Keele submitted 60% of staff in the 2014 Research Assessment Exercise (RAE) and ranked 57 of 128 institutions by Grade Point Average (GPA) The University scored particularly well in Public health, Health services and Primary care. Medical research includes detecting Parkinson's disease early, and using Stem cell research to aid the healing process. The cochlear implant was developed in the Department of Communication and Neuroscience at Keele. Other notable medical research includes attempts to explain the evolution of the human brain, looking into links between cannabis and mental illness (cited in the debate on 2009 reclassification debate), as well as tumour and cancer research.
Sociological research includes middle class behaviour especially findings that suggested that the 'law-abiding majority' theory was a myth, and that middle class persons were more likely to commit crimes than commonly believed. Other research has been undertaken into the effectiveness of social work, including care for the elderly. Educational research has shown how music can help a child develop in school, and how health and safety had affected British children. Other research has shown how e-mails have made communication more complex. The university has also undertaken sports-related research projects, and has worked with the Premier League to develop technology for detecting offside players. Keele academics have also conducted research into how women perceived sport.
In August 2009, university astronomers, led by David Anderson, discovered the first planet that orbits in the opposite direction to the spin of its star. The planet was named WASP-17b. In 2010 Richard Stephens, John Atkins, and Andrew Kingston won the Ig Nobel prize for confirming the widely held belief that swearing relieves pain. In 2010 a medical centre in Newport, Shropshire was completed, for students to learn in real medical situations and research medical sciences.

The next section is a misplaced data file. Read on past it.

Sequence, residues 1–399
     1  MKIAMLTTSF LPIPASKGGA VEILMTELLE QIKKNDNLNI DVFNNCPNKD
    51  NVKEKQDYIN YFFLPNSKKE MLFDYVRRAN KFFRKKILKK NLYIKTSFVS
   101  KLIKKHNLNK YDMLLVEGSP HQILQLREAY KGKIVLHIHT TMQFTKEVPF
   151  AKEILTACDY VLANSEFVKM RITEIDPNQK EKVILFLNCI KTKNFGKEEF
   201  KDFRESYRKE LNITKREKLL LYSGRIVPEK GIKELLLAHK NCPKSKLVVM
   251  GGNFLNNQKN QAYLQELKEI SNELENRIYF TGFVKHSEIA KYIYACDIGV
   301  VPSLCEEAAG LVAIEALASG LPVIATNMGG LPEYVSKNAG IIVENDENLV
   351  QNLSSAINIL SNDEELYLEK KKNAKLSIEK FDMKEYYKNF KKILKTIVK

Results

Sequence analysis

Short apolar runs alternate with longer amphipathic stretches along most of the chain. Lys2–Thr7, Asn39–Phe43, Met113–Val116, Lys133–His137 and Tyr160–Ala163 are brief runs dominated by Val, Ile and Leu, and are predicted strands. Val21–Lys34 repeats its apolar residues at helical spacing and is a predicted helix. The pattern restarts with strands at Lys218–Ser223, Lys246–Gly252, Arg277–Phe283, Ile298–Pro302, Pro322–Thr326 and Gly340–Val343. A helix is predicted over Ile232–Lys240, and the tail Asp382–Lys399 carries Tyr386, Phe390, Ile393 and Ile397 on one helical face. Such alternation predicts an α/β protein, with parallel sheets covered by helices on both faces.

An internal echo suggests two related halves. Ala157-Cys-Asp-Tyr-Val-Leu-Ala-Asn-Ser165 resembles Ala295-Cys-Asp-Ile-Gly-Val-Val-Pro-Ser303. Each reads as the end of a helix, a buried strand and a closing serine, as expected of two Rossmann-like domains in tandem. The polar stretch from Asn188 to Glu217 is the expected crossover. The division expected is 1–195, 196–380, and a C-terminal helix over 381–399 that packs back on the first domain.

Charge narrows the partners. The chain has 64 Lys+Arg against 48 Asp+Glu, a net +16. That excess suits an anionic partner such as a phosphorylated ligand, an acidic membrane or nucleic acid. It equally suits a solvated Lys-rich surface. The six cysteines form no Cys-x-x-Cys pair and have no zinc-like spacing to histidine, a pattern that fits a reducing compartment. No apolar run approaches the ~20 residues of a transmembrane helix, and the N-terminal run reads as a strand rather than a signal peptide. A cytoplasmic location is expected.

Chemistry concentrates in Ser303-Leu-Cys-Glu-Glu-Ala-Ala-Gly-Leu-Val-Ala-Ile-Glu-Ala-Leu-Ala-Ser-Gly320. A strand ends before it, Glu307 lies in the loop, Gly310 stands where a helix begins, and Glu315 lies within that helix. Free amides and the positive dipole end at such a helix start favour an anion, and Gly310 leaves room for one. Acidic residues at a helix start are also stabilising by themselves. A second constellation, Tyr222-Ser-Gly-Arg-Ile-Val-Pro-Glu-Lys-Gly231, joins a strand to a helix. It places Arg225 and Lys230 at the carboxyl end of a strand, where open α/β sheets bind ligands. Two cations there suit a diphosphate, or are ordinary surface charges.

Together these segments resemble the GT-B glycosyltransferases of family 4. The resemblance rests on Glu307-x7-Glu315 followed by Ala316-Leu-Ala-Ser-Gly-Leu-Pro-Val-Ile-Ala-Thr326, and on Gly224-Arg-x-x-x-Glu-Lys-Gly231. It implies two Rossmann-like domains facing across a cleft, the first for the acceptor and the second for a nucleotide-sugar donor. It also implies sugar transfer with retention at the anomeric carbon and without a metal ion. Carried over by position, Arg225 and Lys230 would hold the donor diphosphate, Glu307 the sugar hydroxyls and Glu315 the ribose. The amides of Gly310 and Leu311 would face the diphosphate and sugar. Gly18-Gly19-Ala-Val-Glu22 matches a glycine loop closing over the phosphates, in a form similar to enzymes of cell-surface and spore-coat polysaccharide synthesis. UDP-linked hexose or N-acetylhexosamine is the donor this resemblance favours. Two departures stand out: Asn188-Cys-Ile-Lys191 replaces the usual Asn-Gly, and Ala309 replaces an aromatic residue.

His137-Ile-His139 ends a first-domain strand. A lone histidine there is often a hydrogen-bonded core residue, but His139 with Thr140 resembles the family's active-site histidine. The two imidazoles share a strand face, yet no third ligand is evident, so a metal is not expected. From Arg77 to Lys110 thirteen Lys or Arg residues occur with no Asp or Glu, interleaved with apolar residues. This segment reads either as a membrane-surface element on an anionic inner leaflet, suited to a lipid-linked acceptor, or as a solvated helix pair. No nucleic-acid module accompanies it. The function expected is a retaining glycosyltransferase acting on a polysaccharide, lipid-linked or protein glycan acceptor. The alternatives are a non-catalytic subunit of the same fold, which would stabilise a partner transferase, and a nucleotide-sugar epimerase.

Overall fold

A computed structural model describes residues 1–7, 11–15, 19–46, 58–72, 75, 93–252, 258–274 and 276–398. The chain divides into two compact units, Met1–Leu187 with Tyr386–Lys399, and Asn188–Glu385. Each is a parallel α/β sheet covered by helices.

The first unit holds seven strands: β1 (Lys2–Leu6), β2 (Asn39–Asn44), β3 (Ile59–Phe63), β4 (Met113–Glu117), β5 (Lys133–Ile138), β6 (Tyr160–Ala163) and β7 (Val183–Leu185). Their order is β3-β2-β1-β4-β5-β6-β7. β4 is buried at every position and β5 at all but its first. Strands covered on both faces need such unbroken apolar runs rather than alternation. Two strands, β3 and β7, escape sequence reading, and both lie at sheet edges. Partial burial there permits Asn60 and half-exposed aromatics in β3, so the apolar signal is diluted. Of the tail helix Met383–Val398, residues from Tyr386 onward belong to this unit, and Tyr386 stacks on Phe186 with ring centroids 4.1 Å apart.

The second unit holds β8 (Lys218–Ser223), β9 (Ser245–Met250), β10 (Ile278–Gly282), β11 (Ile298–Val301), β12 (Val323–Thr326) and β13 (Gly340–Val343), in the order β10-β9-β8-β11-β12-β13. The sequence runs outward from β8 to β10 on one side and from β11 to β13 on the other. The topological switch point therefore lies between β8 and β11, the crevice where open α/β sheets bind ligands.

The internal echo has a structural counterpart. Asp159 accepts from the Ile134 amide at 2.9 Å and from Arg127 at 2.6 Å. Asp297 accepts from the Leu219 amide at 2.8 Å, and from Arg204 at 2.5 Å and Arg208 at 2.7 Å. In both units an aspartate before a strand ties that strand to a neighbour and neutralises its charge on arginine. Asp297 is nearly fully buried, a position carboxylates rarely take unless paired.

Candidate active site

As part if its 2015-20 strategic planning and in order to determine its relative performance, Keele has decided to use a benchmark of 15 key establishments. These include Birmingham, Essex, East Anglia, Exeter, Hull, Kent, Lancaster, Leicester, Liverpool, Loughborough, Manchester, Nottingham, Sussex, Warwick and York.
Despite previous solicitation, Keele decided to remain outside any lobbying groups allowing the university to develop its own identity and retain its academic independence and impartiality. According to ex-Vice-Chancellor Nick Foskett, commenting on the Russel Group (RG), belonging to such body is contrary to innovation by creating a hierarchy where research funding is more likely to be allocated to universities associated with that group whilst excluding smaller institutions which may have, albeit, an outstanding track record in a particular field. Remaining non-aligned, instead, enables a university to avoid conforming to an overarching body. However, with the need to attract a greater number of home (and particularly lucrative overseas) students, this decision may be revisited as association with the RG can be seen as a label of quality.
International partnerships include but are not limited to University of Copenhagen; University of Bergen; University of Jyväskylä; University of Iceland; Bonn-Rhein-Sieg University of Applied Sciences (BRSU); Uppsala University; Vrije Universiteit Amsterdam; University of Limerick; University of Goteborg; Masaryk University; Universidad de Alcala; Concordia University, Montreal; University of Alberta; University of Ottawa; York University; Macquarie University; Western Sydney University; Old Dominion University, Norfolk, Virginia; SUNY Plattsburgh; University of Texas at San Antonio ; University of Utah; Loyola University New Orleans; University of Tennessee at Knoxville; Tokyo Metropolitan University; Nagasaki University.